Saturday was a beautiful spring day in New York. Whereas it was only 35 degrees just two days earlier, the sun was out and the temperature hit 70 degrees this weekend. I even bought a few trays of flowers. And while conventional wisdom told me that it was too early to plant, the temptation to jumpstart spring was too much to resist. So into the ground went the impatiens and begonias, all before 11am Saturday morning. With an entire afternoon of discretionary outdoor time that I wanted to make productive, another temptation then started calling out to me.

Last month, my local hardware store targeted an ad on Instagram squared right at me. Two days later, I had a brand new pressure washer out of the box and ready to assemble. With the weather finally ready to cooperate this weekend, I connected hoses, nozzles, cords and cables and then set a target of my own: the moss, grass, dirt and grime on our backyard patio.

Words may not be fully able to describe the gratification that comes from blasting away green and brown sludge away to reveal the original color of that brick.

So what is it about a pressure washer that generates that feeling of excitement? Is it power (2,500 PSI!!)? Or is it something more primordial, something having to do with innovation and invention? From fire to the wheel to the artificial heart, inventions and discoveries have fueled adaptation and survival over millennia. So while a clean patio isn't going to enhance my evolutionary chances of success, the pull of next being able to start cleaning the fence, outdoor furniture, vinyl siding, side path, front porch and more will certainly enhance me chances of outdoor enjoyment this summer. Is it next weekend yet?


Something Professional:  Facebook vs Apple

While the hottest question people are asking each other these days is "Moderna or Pfizer?," the real question you should be asking is "Facebook or Apple?" Yet the average American has no idea what's really going down in this battle between super tech mega giants, nor how the collateral damage will impact their everyday lives for years to come. So let's break it down in the least jargony way possible so you understand WTF is really happening.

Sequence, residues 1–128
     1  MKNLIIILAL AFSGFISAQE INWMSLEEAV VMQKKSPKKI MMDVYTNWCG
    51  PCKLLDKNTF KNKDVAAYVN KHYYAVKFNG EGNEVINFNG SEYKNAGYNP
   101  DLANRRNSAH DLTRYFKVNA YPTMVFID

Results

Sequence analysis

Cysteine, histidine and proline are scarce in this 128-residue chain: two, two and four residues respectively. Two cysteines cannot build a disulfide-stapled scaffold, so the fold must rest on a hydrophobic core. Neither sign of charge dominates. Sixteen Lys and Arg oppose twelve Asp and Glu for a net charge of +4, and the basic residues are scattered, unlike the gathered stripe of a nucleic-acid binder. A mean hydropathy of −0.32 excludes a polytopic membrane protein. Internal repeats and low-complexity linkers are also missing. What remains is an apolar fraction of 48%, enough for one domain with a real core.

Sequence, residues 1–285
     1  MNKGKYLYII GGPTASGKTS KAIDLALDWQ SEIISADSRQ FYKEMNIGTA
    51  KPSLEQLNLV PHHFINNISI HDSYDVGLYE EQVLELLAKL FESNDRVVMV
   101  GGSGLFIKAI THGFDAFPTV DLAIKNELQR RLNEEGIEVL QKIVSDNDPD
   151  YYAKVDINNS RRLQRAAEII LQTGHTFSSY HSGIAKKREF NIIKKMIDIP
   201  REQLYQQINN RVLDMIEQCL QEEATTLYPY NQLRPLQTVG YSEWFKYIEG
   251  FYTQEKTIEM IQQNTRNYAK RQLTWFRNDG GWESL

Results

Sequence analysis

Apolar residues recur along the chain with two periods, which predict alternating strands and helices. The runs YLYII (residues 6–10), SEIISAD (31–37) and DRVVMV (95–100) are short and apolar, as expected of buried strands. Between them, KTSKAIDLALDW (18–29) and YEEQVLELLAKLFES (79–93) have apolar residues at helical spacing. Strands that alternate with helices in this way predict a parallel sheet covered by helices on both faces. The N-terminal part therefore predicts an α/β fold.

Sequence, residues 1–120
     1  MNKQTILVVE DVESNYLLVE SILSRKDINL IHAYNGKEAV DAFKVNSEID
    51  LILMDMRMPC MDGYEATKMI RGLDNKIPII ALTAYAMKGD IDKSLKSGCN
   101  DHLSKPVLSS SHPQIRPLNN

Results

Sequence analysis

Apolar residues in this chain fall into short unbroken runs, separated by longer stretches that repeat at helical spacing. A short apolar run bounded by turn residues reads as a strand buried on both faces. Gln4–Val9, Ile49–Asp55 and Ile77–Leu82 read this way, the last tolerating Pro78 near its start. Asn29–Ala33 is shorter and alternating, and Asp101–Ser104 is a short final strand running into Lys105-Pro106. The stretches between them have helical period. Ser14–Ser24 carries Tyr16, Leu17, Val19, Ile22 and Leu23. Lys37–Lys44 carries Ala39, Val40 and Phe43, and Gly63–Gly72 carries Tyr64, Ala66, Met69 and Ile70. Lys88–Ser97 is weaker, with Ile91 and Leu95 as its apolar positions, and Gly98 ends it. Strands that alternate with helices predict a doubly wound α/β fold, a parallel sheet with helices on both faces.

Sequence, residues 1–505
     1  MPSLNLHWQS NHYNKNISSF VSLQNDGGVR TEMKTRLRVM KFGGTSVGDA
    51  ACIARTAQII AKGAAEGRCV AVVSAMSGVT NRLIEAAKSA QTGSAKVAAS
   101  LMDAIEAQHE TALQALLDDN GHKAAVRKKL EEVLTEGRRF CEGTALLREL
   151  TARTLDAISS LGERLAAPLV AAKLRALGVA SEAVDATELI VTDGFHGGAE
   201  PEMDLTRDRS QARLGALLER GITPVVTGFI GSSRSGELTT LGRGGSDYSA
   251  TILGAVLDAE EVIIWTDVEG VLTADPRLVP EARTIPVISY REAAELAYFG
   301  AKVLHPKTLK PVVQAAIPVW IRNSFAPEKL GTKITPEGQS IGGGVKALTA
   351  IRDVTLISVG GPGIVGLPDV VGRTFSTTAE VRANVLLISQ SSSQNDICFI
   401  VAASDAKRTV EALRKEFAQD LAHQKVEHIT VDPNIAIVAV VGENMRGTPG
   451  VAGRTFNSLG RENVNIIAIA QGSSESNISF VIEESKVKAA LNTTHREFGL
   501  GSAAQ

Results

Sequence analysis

I've talked about data privacy here before. I'm pretty sure most of you skipped it. I don't blame you. They are two words that sound boring separately, and together. Few people realize how much of our personal data is now accessible online. Most don't. Some care. Most don't.

For the past few months, we've heard about the impending iOS14 (operating system) update that Apple will introducing to all devices any second now. Like most updates, users will blindly accept it… or not even realize it was installed overnight while they slept. But this IS significant because it will require users to give apps permission to track their activity across other apps and the web.

This change, which Apple calls App Tracking Transparency (ATT), may sound like a great thing for transparency. But lots of apps already track our web activity through default settings we accept when we install them. It is a common practice, but users are often unaware of it because we don't read terms of service or privacy policies. With the iOS update, iPhone users will now see a pop-up that overly calls out the fact that an app wants to track them. If blatantly asked, without context, who is going to want to opt in to that??? Sure, app developers can use this pop-up to explain how user data will be used, but this assumes that people will read the fine print. Most won't.

Facebook, specifically, and a few others, are not happy. Why? Because it threatens their biggest revenue stream: targeted ads. This type of personalized advertising has been transformative for the entire marketing industry, and Facebook's platform is extremely powerful, effective, and lucrative. Facebook calls this update "anti-competitive." Apple, who takes a cut of fees charged to app developers, says that they believe their users should have more control over the data being collected about them.